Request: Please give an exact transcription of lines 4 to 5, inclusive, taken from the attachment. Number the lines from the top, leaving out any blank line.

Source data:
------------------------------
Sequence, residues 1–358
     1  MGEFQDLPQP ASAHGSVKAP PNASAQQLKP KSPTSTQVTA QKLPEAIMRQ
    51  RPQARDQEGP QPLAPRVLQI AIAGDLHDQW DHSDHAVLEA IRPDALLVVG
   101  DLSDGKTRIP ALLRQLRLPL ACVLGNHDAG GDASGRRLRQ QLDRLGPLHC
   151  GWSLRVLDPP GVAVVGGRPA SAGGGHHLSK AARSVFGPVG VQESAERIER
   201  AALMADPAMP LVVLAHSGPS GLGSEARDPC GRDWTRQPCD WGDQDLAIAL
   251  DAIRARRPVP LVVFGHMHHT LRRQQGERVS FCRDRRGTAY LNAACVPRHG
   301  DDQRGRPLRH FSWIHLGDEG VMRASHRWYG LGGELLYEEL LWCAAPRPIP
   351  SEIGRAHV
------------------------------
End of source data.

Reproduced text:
   101  DLSDGKTRIP ALLRQLRLPL ACVLGNHDAG GDASGRRLRQ QLDRLGPLHC
   151  GWSLRVLDPP GVAVVGGRPA SAGGGHHLSK AARSVFGPVG VQESAERIER